Videomaker by Jennifer O'Rourke
The 4th of July means barbecues, family gathering and fun in the sun and the party concludes with the traditional pyro- show around the country. Everyone wants to capture the family fun, but when it comes to the Big Light Show in the Sky, shooting great firework footage is more than pointing the camera into the sky. The less light you have, the harder it is to focus or capture an image that isn’t underexposed or overly grainy. Throw in a fireworks scene that changes from dark to light within nanoseconds, and your camera will need a lot of help from its human counterpart.
So I’ve got a few tips for you on shooting fireworks, and we’ll start with the gear, then cover a few technical points, follow up with the setup and finally offer a few creative shooting techniques to make your 4th of July video memorable.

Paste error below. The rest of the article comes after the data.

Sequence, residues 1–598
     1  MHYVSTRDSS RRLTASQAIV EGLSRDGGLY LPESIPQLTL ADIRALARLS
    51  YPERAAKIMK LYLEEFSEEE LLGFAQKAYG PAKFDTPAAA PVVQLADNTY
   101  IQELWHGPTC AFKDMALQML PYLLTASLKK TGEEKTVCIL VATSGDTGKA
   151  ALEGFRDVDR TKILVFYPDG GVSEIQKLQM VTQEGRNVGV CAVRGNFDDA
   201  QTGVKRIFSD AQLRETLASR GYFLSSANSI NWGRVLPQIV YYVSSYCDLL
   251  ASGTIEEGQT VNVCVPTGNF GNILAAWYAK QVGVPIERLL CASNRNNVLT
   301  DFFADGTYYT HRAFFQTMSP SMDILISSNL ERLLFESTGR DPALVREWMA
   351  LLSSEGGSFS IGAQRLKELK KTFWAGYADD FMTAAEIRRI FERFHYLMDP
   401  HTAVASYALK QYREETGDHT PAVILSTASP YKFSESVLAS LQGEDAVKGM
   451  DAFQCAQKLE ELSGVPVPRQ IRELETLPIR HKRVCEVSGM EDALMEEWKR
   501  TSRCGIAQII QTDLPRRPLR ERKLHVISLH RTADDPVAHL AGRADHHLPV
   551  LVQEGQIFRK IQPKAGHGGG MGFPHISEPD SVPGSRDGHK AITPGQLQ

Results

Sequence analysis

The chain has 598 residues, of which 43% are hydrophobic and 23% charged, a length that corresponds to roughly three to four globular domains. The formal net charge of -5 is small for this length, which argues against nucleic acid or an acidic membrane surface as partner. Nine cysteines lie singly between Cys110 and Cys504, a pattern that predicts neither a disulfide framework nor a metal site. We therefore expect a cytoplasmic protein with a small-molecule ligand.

1 – Gear
A 3-chip camera captures images best, and HD is awesome, but, with good shooting techniques, any camcorder can capture the show. The best camera is one with a large lens, which will let you capture the most light. The larger sensor will allow you to capture a good contrast in the darker scenes. Use a tripod, but set the drag loose to pan and swivel. A good smooth fluid-head tripod works the best.
2 – The Camera’s Eye
Never shoot using auto focus or automatic exposure. In the dark, the auto iris opens wide, searching for light. When the fireworks flare, the shot is blown out before the iris can close. When the sky goes dark, your iris opens again, searching. Auto focus is also in constant motion, attempting to adjust. You don’t want your images to blossom or flare too brightly, and auto iris will definitely do that. read more...